Transcript from the "v-model Directive" Lesson
>> So v-model. This is one of my favorites. I love v-model. You got to have a favorite. It creates a relationship between the data and the instance or component in a form input so you can dynamically update values. A lot of what we do in front end development has to do with building forms.
[00:00:15] [LAUGH] So this allows us to capture form inputs or capture differences between v-model inputs or text areas or things like that very quickly. It's called two way binding. So we're accepting user input and managing it in a responsible manner. We saw that message before that we're returning in data.
[00:00:36] And we're saying this is a good place to type things. That's what we're starting with. So if I have a typical text area here, this is actually just plain HTML aside from the v-model. So we've got text area, class, rows, max length, that's a typical text area. And we have this v-model message that is establishing a relationship between what we're holding in data and what we're kind of gathering from the user in that text area.
[00:01:03] And here we can output that onto the page in this p tag. So we've got these mustache templates where we can output it to the page. So here if we have this demo, where we say, hello there everyone, and I say I like tacos, and then you can see it directly outputting to the page very, very quickly.
[00:01:22] I can type anything, and it's storing that data and outputting it as soon as I type. I didn't have to set state anywhere. I didn't have to gather anything about it. I didn't have to ping anything in order to find that information. So I just say, message, hello there everyone, and I mount the app.
[00:01:42] And then in that text area, I established a relationship with message. So that means we can do really crazy things like I could do something like this, where I say write me, and then all of a sudden things scatter onto the page as I type things, or I can say, I like tacos, and I'm not afraid to show it.
[00:02:05] And I can erase this and write it, and you already know how half of that demo was created. And in a little bit, you'll know how the other half is created, because we'll go into an animation section that shows how to do enter and leave animations as well.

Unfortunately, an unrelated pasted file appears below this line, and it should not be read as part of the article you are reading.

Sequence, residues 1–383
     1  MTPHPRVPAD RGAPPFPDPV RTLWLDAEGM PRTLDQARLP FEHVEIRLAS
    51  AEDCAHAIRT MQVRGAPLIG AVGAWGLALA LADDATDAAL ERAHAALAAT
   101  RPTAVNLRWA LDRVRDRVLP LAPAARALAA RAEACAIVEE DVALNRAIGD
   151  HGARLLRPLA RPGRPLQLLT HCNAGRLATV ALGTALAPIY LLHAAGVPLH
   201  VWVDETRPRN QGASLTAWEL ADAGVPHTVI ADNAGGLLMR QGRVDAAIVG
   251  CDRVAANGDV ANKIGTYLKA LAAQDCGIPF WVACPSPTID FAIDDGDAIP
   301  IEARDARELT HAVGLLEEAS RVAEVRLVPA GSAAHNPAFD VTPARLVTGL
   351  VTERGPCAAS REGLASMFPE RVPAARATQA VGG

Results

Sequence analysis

[00:02:22] Tada, cool. All right. So if we wanted to do something other than a textbox, let's say we wanted to do checkboxes or radio buttons or something like that, what we would do is we'd make Checkednames an array. And then we add that v-model to every input that we want to add to that array.
[00:02:41] So I can say, John, Paul, George, Ringo, and take them off as well. And so if we go into our dev tools here, if we go into code pen, and then we can actually look at this in the view dev tools. We have our root, we have our Checkednames array.
[00:02:59] And as I click on these, you can see things appending to that array. Cool. Now let's say you don't know how many of these items that you're gonna wanna put on the page. Let's say I'm a really big Beatles fan, and I'm super hard core, and I think, well, actually Pete Best was the fifth Beatle.
[00:03:22] So then I could come in here, and I could add another value. And I could say Pete, and it's automatically appended, because what I did was I used that v4 that we saw earlier, and I'm looping through these options. And I'm establishing a relationship with those Checkednames. And we're about we're about to cover this bind right here.
[00:03:46] So we're binding to the value, and then I'm able to just keep updating that. So that means I don't have to keep on copy, pasting inputs and labels and things like that. I can actually just dynamically create them from whatever happens on the server.